Midwife 3 years direct entry (A1)14 (64%)53 (84%)
       Auxiliary Nurse-Midwife (A3, A2)1 (5%)9 (14%)
      Highest level of completed academic qualification
       Master’s degree (M2) in Public Health/Mother-Newborn Health4 (18%)0
       Bachelor’s degree (L2) in Obstetrics/Education Administration, Public Health/Community Health/Epidemiology15 (68%)13 (21%)
      Pedagogic training
       Yes, at academic level5 (23%)
       Yes, as a short in-service training7 (32%)
       No10 (45%)
       Years as midwife, range (mean)1−20 (11)0−46 (9)
      At the ISTM situated in the country’s capital, the shortcoming in academic level had almost been eliminated by enabling the midwifery educators to study midwifery at a higher education level in parallel with educating; however, there was still a lack of midwives functioning as clinical preceptors:We can’t offer all students midwives as supervisors in their clinical practice. Some of them are supervised by nurses working in the area of midwifery. (FGD1)
      The participants expressed a strong wish to earn an academic degree or a higher degree. And several did study in parallel with working, although this was a challenge, especially due to a lack of financial support:I want to earn a Master’s in midwifery… I want to earn a Master’s in Public Health… I want a PhD. (3 participants in FGD4)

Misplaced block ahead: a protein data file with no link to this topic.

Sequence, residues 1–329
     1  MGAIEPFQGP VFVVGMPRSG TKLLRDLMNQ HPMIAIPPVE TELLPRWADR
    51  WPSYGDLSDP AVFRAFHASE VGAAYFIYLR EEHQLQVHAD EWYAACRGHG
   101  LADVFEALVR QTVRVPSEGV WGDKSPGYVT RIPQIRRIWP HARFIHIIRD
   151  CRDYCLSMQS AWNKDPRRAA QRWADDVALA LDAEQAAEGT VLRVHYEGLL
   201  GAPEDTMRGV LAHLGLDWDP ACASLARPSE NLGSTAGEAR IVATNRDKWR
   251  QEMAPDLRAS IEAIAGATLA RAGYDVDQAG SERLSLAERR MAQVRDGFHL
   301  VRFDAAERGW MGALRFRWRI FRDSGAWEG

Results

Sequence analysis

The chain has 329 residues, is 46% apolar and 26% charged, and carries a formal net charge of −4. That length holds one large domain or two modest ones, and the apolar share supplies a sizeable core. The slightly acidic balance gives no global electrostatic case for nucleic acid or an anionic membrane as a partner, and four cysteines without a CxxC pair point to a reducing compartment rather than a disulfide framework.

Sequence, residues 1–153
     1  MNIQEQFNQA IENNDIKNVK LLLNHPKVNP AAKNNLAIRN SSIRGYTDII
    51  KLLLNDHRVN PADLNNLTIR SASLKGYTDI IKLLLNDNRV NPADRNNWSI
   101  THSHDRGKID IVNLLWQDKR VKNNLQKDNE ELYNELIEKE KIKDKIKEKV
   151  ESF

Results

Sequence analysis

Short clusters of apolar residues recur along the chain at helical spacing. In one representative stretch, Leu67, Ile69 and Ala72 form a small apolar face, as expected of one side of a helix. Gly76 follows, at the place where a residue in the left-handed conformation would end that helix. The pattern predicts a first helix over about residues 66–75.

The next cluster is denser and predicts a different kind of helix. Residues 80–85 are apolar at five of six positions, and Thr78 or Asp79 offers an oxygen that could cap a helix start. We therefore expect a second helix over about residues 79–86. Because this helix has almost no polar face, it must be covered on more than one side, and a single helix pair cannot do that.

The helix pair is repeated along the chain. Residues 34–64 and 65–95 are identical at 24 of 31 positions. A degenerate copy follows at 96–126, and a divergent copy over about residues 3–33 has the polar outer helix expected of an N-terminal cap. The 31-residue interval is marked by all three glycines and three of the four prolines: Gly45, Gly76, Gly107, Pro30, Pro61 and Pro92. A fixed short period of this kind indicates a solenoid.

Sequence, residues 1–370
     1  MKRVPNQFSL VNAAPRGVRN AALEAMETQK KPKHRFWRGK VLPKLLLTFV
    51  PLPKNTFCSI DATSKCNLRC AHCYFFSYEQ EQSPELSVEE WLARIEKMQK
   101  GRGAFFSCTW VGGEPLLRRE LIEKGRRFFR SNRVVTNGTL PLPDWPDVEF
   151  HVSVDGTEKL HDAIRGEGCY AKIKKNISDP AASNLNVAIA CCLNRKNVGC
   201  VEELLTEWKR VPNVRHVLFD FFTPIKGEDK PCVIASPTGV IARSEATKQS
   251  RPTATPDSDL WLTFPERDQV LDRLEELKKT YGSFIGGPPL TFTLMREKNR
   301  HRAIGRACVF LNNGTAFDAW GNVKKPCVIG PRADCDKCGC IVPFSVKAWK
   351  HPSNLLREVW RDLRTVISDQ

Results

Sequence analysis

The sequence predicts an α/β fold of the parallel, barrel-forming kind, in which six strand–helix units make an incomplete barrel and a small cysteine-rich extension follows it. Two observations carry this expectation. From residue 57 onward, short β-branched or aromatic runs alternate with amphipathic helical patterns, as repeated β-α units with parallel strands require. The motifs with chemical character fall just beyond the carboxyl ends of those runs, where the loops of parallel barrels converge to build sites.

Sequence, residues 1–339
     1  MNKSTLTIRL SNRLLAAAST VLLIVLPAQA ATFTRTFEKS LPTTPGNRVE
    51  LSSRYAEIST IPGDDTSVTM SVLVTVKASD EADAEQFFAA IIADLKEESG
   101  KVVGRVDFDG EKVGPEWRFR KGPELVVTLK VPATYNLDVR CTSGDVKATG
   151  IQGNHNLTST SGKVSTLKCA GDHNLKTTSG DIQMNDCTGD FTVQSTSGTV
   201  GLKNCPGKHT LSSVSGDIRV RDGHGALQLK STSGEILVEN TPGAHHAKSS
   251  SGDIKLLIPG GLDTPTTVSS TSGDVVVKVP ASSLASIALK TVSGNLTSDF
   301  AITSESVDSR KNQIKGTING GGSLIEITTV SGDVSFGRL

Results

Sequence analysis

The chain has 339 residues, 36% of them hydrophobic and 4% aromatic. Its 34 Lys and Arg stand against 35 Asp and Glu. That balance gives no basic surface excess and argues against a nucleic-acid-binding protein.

Concerning pedagogic competence, ten out of the 22 midwifery educators lacked pedagogic training and only five had formal competence on an academic level. Unfortunately, this information was not collected from the clinical preceptors (Table 3). Both educators and clinical preceptors expressed the importance of developing their pedagogical skills, especially in how to promote students’ active participation as this supports deepened student learning. Some educators had attended a five-day course in student active learning, but they found it difficult to apply:I need to develop the pedagogic competence to be able to pass on knowledge in the art of midwifery. (FGD1)We have the old education, and now that the new education reform has been instituted we need to be updated in the new education programme and its pedagogy. (FGD10)
      Simulation-based learning was a defined component in the midwifery curriculum. Some educators had taken a course in simulation-based learning pedagogy, but it was difficult to maintain this knowledge without continuous practice. As a result, students lacked a method for learning important curriculum content concerning normal and critical management related to antenatal, intrapartum, and immediate newborn care:We’ve had this curriculum since 2014, and at that time we had a short training in educating through simulation-based learning. We need continued education in simulation knowledge and in how we should do it in practice. We’ve had a three-day course in simulation material for supporting the learning, but it wasn’t good. (FGD4)